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Re: Screencasts - Cheese



2008/6/10 Clint Savage <herlo1 gmail com>:
> I agree, wholeheartedly.  My current problem is the lack of knowledge I have
> about gstreamer, and any other free video editing tools.  I've heard of
> fluendo, which I'm guessing is proprietary, and cheese with gstreamer.  What
> else is out there that we can use to edit ogg/theora video, and how can we
> make it possible to get ogg support as a whole available to embed within a
> browser?  I mean this shouldn't be something too difficult to put into
> epiphany, konqueror or firefox, should it?

For the time being stick with very simple video tasks that need very
little video editting.  if you can do it in one sitting with cheese or
istanbul do it that way for now.  We can also convert raw dv into
compressed theora video as well out of the box if you want to work a
dv camera. The pitivi application used just to convert dv to theora
with no editting basically works.  Though it's also possible to just
create a simple shell script using gst pipelines to convert raw dv
into theora, I should probably add that if someone else doesn't figure
out how to do that first by adapting the audio splice script.

I think there is room to build out a series of cookie cutter pipeline
scripts to do common tasks once we have a group of people want to
seriously poke at what gst lets you do out of the box.. but we aren't
there yet.  For example all the video affects that cheese does should
be applicable to gst pipelines to post-process video clips.  I think
gst even has a series of transitional affects like screen wipes and
fades that we can access via pipelines... i think. I haven't figured
out how to do it yet.

if you need to play with basic clip sequencing inside of an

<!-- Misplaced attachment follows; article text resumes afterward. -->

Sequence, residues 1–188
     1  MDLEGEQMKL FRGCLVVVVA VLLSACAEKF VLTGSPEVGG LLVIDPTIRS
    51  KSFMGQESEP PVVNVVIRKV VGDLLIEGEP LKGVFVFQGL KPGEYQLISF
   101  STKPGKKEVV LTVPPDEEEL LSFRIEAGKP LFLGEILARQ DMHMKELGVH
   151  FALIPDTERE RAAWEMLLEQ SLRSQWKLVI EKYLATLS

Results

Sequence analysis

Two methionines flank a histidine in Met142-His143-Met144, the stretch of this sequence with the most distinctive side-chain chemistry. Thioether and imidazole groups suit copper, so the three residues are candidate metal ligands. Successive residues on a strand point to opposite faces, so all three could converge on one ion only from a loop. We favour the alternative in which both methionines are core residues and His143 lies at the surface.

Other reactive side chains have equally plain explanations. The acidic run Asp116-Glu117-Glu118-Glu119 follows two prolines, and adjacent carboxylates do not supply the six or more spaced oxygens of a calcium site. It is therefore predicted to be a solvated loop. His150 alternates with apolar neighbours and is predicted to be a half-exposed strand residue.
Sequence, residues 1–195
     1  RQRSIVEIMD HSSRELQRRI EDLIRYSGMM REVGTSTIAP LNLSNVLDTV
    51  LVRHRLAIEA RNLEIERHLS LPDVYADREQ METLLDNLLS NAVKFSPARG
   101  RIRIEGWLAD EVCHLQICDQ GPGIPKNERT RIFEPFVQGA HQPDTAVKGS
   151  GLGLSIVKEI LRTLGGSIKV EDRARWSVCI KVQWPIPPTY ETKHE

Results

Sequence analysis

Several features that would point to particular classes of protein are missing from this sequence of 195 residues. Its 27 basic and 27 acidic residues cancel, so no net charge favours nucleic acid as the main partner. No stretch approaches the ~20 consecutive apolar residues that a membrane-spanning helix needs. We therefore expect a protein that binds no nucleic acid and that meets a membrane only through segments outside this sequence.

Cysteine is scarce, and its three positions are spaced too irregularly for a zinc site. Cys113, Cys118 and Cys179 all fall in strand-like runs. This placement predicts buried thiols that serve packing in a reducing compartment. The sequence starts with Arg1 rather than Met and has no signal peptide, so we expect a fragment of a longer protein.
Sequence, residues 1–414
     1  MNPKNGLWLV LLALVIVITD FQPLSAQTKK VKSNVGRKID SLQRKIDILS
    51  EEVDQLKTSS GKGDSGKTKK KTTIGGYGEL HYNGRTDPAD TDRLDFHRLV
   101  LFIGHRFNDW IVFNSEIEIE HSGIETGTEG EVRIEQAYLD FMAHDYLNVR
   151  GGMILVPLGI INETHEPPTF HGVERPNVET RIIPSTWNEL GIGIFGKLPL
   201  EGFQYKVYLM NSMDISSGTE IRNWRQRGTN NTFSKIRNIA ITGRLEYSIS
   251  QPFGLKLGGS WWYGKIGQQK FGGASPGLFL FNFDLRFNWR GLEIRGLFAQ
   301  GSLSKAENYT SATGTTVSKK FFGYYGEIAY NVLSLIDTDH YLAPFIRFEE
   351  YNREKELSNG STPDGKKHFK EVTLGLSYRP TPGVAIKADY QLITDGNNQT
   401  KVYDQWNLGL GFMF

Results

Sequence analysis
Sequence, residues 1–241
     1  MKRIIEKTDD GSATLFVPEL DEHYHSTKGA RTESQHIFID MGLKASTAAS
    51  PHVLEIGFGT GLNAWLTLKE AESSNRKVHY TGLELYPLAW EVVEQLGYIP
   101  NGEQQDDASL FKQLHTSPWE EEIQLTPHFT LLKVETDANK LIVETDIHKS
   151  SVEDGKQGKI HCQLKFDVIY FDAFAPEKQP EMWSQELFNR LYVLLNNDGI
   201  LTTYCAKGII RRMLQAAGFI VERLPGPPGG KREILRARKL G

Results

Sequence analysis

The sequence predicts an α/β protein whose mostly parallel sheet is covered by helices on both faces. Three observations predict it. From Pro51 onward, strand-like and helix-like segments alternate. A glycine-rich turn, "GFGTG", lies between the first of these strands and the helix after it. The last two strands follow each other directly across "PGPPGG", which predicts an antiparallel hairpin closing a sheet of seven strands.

application interface you can attempt to use pitivi. My understanding
there is a GSoC project related to pitivi this summer to spruce it up.
'We' should watch pitivi development very closely. Even if it doesn't
change direction and turn into a pro-sumer video tool...as a light
weight video sequencer and editor it may be enough for community
generate content to keep content flowing for our needs.  it just needs
a little love to get there.

I can't stop you from reaching for the more mature editting software
that is ffmpeg based and available in 3rd party repositories.  if your
employer needs to create higher production quality videos than what
you can do with the in distro tools, then you are free to do so.  I
had looked at kino at one point, but it does everything as raw dv. I
could have stripped out the ffmpeg exporters and some optional
features and gotten it into Fedora using a gst based theora exporter.
But since it doesn't handle mixed source content, its not necessarily
worth the effort to do. You can get a fully functional kino from 3rd
party repos that deal with ffmpeg.  I don't expect people to really be
able to collaborate by passing raw dv files as source material.  We
need to be able to work with lower quality content as source to get
our feet wet with working with video collaboratively. Pitivi lets you
mix theora and dv together as source material. Video purists will
cringe at the concept of doing that..but I'm okay with it to keep from
having the hosting burden of dealing with raw dv until we have a
clearer idea wtf we really want to do with collaborative video
production.  If kino could use theora as source material and could be
shipped in such a way that ffmpeg support could be optionally added
via an addon package... I would continue to work on getting kino
packaged in such a way that we could offer it out of the box.  But I
never identified a gstreamer module which let me convert back to raw
dv to use as a theora importer in kino to convert theora to raw
dv..which is what kino works with internally. Again video purist will
cringe at the concept...but it is what it is.  ffmpeg has the ability
to do this lossy conversion, but for the life of me I can't find a way
to get gst to do it.

I have no problems accepting appropriately licensed content in formets
we support made with tools we can't ship.  I understand that I have
multiple competing goals for community generated video content.
Dogfooding the open tools while producing high quality open content
won't be achievable simultaneously for a while until the shippable
tools get better.  But I will make it a point to have a policy which
highlight videos that are built solely using Fedora tools as the
become available to encourage people to continue to dogfood and
develop the tools.  The landscape is not going to get better until we
have an important reason to use video as a tool to help us achieve
larger project goals.

-jef


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